The Anonymous Widower

The Route Of High Speed Two Into Birmingham

This map clipped from the High Speed Two web site, shows the route of the line to its terminus in Birmingham Curzon Street station.

 

Note.

  1. Birmingham Curzon Street station is indicated by the blue dot in the West.
  2. Interchange station is indicated by the blue dot in the South-East corner of the map.
  3. There is a large triangular junction connecting the spur to Birmingham Curzon Street to the main North-South route of High Speed Two.

This second map is an enlargement of the South-East corner of the map.

Note.

  1. The road across the bottom of the map is the A45,
  2. The large circular roundabout roughly at the halfway [point is where the M42 crosses the A45 at Junction 6.
  3. The Junction at the Eastern edge of the map is where the A452 crosses the A45.
  4. High Speed Two goes roughly North-South between the M42 and the A452.
  5. When shown in red, High Speed Two is on an embankment.
  6. When shown in yellow, High Speed Two is in a tunnel.
  7. The large blue dot is the position of the Interchange station.
  8. The existing Birmingham International station is on the other side of the M42.
  9. The two stations will be connected by a people mover.

This description of the Interchange station is from this page on the High Speed Two web site.

The Interchange Station itself will be made up of two 415 metre long island platforms, offering 4 platform faces, as well as 2 central high speed through lines for non-stopping services. The station will be linked to the NEC, Birmingham International Station and Birmingham Airport via an automated people mover carrying up to 2,100 passengers per hour in each direction. In addition to the APM, the station will be fully integrated with other local buses, taxis and private vehicle options.

This third map is an enlargement of the triangular junction.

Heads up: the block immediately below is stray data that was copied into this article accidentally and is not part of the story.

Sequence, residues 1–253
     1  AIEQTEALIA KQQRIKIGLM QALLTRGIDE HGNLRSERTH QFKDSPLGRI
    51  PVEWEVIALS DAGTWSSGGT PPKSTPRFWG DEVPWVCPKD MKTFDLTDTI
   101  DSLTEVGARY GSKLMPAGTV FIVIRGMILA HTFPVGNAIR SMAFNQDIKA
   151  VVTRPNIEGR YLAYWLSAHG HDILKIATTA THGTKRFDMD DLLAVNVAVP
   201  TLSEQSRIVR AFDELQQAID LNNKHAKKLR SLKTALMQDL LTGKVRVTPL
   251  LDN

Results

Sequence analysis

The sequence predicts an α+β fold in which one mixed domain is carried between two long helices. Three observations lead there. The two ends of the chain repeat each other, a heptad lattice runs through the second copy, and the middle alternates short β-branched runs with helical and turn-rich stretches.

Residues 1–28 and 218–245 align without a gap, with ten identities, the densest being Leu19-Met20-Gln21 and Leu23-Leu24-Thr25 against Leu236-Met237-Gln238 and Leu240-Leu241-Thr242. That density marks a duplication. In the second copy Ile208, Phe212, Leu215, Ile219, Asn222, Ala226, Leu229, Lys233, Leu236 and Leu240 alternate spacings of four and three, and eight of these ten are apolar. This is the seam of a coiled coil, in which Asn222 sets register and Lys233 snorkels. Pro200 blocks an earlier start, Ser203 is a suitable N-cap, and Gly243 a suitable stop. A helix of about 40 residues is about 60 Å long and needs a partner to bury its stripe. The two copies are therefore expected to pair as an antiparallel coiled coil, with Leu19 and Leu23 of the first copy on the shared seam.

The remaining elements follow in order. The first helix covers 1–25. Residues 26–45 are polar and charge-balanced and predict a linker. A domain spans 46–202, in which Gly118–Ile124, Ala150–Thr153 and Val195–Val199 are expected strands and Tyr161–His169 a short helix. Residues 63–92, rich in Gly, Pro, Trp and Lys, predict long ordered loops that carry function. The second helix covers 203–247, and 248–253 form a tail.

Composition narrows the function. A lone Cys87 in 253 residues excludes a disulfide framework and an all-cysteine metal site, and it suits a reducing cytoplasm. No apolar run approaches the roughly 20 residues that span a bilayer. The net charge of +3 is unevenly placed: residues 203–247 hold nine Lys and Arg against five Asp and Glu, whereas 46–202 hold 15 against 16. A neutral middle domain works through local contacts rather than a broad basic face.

Note.

  1. The M6 going West to Spaghetti Junction, Birmingham and the North.
  2. The M42 and the M6 Toll going North-South.
  3. When shown in red, High Speed Two is on an embankment.
  4. When shown in yellow, High Speed Two is in a tunnel.

The junction seems to have been fitted around the motorways using a series of embankments and tunnels.

This fourth map shows the approach to the City.

Note.

  1. The spur appears to run alongside the elevated section of the M6.
  2. Spaghetti Junction is in the North-West corner of the map.
  3. The Western junction of the triangular junction is at the Eastern edge of the map.
  4. When shown in brown, High Speed Two is on the surface.
  5. When shown in black, High Speed Two is in a cutting.
  6. Or are black and brown, the other way round, as I can’t find the legend for the map.

The spur seems to have been neatly fitted in alongside the M6.

This fifth map shows the route as it terminates in Birmingham Curzon Street station.

Note.

  1. The A38 (M) that connects the City Centre to Spaghetti Junction at the top of the map.
  2. High Speed Two appears to approach the City Centre on a viaduct. But then trains between London and Birmingham New Street and Birmingham Moor Street  stations, do the same.
  3. The three stations are within a reasonable walking distance and there will also be a tram connection.
  4. The journey time between Birmingham Curzon Street and Interchange stations is planned to be nine minutes.

This page on the High Speed Two web site, gives more details on Birmingham Curzon Street station.

June 22, 2020 - Posted by | Transport | , ,

3 Comments »

  1. Curzon Street station adjoins the main line in to New Street station so why no interchange platforms on that or connections between the two?In the HS2 service plans there are trains starting from Curzon Street going north which could surely link up with cross country trains?

    Comment by Hugh Steavenson | June 23, 2020 | Reply

    • There’ll be a tram or a four hundred metre walk.

      Comment by AnonW | June 23, 2020 | Reply

    • yeah, I agree with you Hugh. Seems like a missed opportunity to me. If there were a link and Bromsgrove-Westerleigh (and line into Temple Meads) were electrified, you could run classic-compatible trains from Cardiff and Bristol to Leeds and beyond, replacing the current CrossCountry service.

      One thing that’s planned in the Midlands Rail Hub is an expansion of Moor St, with services from E Midlands and SW of Birmingham arriving via the Bordesley chords, and terminating there. There’s an artist’s impression of the shared station square on p19 of https://www.midlandsconnect.uk/media/1571/midlands-rail-hub-summary-report-final-june-2019.pdf and https://hs2inbirmingham.commonplace.is/schemes/proposals/curzon-street-station/details mentions this too.

      That whole area is very uninviting at the moment, so it shouldn’t be hard to make this much more attractive.

      Comment by Peter Robins | June 27, 2020 | Reply


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